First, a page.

TAOS, NEW MEXICO, USA
[The steaks are almost done. Arthur Sinclair flips the sizzling slabs, relishing the smoke.]
Of all the jobs I’ve done, being a money cop was best. When the new president asked me to step back into my role as SEC chairman, I practically kissed her on the spot. I’m sure, just like my days at DeStRes, I only have the job because no one else wants it. There’s still so many challenges ahead, still so much of the country on the “turnip standard.” Getting people away from barter, and to trust the American dollar again…not easy. The Cuban peso is still king, and so many of our more affluent citizens still have their bank accounts in Havana.
Just trying to solve the surplus bill dilemma is enough for any administration. So much cash was scooped up after the war, in abandoned vaults, houses, on dead bodies. How do you tell those looters apart from the people who’ve actually kept their hard-earned greenbacks hidden, especially when records of ownership are about as rare as petroleum? That’s why being a money cop is the most important job I’ve ever had. We have to nail the bastards who’re preventing confidence from returning to the American economy, not just the penny-ante looters but the big fish as well, the sleazebags who’re trying to buy up homes before survivors can reclaim them, or lobbying to deregulate food and other essential survival commodities…and that bastard Breckinridge Scott, yes, the Phalanx king, still hiding like a rat in his Antarctic Fortress of Scumditude. He doesn’t know it yet, but we’ve been in talks with Ivan not to renew his lease. A lot of people back home are waiting to see him, particularly the IRS.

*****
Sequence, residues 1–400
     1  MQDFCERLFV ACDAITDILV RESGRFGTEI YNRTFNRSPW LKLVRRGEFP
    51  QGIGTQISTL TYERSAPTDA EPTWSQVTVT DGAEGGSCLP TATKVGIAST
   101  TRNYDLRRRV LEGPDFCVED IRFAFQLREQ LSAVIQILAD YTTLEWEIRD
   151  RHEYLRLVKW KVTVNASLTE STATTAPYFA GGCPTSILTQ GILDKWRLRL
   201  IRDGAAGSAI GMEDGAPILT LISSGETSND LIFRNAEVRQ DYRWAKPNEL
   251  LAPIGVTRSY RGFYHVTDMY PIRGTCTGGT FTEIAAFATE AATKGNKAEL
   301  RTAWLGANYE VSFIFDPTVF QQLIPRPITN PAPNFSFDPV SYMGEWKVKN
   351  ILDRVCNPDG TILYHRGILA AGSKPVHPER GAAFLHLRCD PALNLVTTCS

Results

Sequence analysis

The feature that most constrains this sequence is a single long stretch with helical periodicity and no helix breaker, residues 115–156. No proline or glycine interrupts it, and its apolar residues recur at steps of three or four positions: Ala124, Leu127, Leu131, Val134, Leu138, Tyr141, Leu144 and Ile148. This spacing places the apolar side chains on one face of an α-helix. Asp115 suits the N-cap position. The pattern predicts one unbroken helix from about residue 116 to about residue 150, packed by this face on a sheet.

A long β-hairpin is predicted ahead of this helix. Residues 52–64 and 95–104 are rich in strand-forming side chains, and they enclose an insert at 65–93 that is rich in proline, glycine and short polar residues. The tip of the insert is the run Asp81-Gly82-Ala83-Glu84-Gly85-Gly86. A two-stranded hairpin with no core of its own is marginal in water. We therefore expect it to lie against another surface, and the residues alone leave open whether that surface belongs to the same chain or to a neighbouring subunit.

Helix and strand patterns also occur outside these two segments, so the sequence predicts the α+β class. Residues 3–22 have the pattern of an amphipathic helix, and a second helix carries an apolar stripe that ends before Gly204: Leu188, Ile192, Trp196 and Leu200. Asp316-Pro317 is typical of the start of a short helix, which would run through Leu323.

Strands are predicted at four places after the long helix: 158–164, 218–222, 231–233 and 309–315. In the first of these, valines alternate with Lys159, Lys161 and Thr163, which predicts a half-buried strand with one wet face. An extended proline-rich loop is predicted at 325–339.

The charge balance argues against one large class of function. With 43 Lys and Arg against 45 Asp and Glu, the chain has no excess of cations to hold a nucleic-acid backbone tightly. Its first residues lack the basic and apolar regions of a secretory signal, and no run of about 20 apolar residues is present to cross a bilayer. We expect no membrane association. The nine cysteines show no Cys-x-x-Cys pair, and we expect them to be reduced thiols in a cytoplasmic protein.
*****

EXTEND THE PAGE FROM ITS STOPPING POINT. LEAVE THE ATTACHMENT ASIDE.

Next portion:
[He grins and rubs his hands together.]
Confidence, it’s the fuel that drives the capitalist machine. Our economy can only run if people believe in it; like FDR said, “The only thing we have to fear is fear itself.” My father wrote that for him. Well, he claimed he did.
It’s already starting, slowly but surely. Every day we get a few more registered accounts with American banks, a few more private businesses opening up, a few more points on the Dow. Kind of like the weather. Every year the summer’s a little longer, the skies a little bluer. It’s getting better. Just wait and see.
[He reaches into a cooler of ice, pulling out two brown bottles.]